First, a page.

What is a vessel? Supreme Court takes up the question

Posted on Written by Michael LaBella

Here is a quote one wouldn’t expect from the U.S. Supreme Court: “You could take an inner tube and … paste a couple of pennies on the inner tube. Now it carries things. There are things on the inner tube, and it floats.” But that’s what Justice Elena Kagan said as members of the high court debated what constitutes a “vessel.”

The debate was about a case being brought to the Supreme Court that could cause banks to stop making boat loans, says Don Parkhurst, legislative committee chairman for the National Marine Bankers Association.

The case gets at the integrity of maritime laws that pre-date the United States of America, Parkhurst says.

It began when a man who built a floating home began arguing that it should not be considered a vessel because it is not a boat, but merely a floating house.

“The problem is, that flies in the face of hundreds of years of maritime law,” Parkhurst says. “If they change the way we define a vessel under admiralty law, then all of a sudden banks have a problem because our Preferred Ships Mortgage might not be any good on those boats. If there is suddenly gray area around ‘what is a vessel,’ you might have financing disappear on boats because lenders couldn’t be sure they could go repossess the boat if a guy stopped making payments on it.”

“The validity of our lien could be affected,” Parkhurst added.

Last week, the Supreme Court made its first attempt to hash out the answer to the question: “What constitutes a vessel?”

“We were kind of surprised this thing got to the Supreme Court,” Parkhurst says. “It was interesting listening to the judges because it seemed like they were surprised it got there, too.”

The court will reconvene on the matter in June.

Click here for an Insurance Journal article providing background to the case and here for court transcripts.

— Reagan Haynes


8 comments on “What is a vessel? Supreme Court takes up the question

  1. Phil Friedman

    The decision could also affect Longshoremen’s protections and maritime liens for goods and services provided, not to mention the reverse side of the coin, which includes the regulation of near-derelict, effectvely immobile boats moored alongshore and being used as houses. Hopefully, if SCOTUS decides not to send the case back down, it will stick with a definition that makes everything that floats and is not permanently attached to shore a “vessel.”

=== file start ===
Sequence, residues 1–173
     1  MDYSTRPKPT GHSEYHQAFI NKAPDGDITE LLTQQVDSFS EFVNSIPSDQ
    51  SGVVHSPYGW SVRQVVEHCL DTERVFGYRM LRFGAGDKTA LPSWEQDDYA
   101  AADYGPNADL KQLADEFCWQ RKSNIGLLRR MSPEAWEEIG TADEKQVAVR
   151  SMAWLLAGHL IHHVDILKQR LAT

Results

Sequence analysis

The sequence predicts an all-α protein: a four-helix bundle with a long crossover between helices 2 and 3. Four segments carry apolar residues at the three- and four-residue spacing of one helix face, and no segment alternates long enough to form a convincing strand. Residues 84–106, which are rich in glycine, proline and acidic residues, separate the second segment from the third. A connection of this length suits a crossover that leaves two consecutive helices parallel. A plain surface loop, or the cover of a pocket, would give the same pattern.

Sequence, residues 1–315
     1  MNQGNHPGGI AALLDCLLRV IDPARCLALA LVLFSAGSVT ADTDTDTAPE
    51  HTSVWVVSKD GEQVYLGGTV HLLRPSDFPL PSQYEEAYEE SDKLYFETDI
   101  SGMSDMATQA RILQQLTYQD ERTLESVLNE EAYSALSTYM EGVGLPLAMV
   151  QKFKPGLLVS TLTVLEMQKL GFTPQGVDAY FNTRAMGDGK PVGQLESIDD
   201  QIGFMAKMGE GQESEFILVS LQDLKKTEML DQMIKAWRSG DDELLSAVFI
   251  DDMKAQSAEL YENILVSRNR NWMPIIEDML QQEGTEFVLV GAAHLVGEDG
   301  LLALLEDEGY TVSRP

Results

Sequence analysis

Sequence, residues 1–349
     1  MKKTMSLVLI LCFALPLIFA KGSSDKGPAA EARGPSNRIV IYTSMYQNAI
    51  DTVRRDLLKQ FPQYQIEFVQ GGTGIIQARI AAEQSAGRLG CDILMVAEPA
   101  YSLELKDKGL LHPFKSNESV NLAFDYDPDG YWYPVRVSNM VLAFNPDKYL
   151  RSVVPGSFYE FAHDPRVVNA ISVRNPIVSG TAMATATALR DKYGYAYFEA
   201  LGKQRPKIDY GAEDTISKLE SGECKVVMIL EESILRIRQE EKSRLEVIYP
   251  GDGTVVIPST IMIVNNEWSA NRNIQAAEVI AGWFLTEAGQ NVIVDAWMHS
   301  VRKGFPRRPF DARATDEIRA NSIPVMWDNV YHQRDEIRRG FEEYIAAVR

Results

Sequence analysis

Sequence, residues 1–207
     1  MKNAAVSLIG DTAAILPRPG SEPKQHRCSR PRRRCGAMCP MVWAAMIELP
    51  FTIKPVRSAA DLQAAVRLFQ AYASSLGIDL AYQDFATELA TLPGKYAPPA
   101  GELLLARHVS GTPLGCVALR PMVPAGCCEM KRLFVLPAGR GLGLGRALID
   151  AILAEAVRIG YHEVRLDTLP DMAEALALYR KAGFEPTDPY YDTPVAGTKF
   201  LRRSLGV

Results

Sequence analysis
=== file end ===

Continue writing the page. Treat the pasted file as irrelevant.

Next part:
Phil Friedman

  2. David Foley

    As a marine surveyor in southern Florida, I have had the opportunity to work with a number of “house boats” with and withour a means of propulsion. Not one client ever put forth the arguement that theirs was not a boat.

  3. Peggie Hall

    Apparently Justice Kagan and the rest of the SCOTUS justices never bothered to find out how the Code of Federal Regulations (CFR) defines a “vessel:”

    “includes every description of watercraft or other artificial contrivance used, or capable of being used, as a means of transportation on the waters of the United States.”

    Seems to me that would rule out any innertubes with pennies glued to ’em. Also seems to me that also pretty much settles the question of whether permanently moored floating structures never designed to be used as transportation are “vessels”…they aren’t. Or if they somehow determine through some weird convoluted logic that they are, that would turn floating docks into “vessels!”

  4. Gary Edelman

    You have a couple of hundred years of “reparian rights” cases
    that declares a “navigable waterway” anything that can float an
    inner tube at the 100 year high flood. So in legal precendence
    the inner tube actually has a lot of standing.

  5. St. George Pinckney

    Some years ago, the Supremes ruled that in case of definitions, the Federal regulatory definition will apply. I am no lawyer, but the case involved the FAA and definition of an ultralight. Was it an airplane? (It is not.)

  6. Susan Smith

    This goes beyond financing and insuring floating houses. All of our civilian law is based on maritime law. Our social security numbers are our bill of lading numbers and we are treated as maritime property. Jordan Maxwell explains this thoroughly in his videos. There is a reason you pass a railing to go on trial. This is the same as boarding a vessel and it is what gives the captain or judge power to execute maritime law.

Leave a Reply

Your email address will not be published. Required fields are marked *

Comments are moderated and generally will be posted if they are on-topic and not abusive. For more information, please see our Comments Policy.

Vote Today

What's your favorite month on the water?

View Results

Loading ... Loading ...

Login to Trade Only Today

Lost Password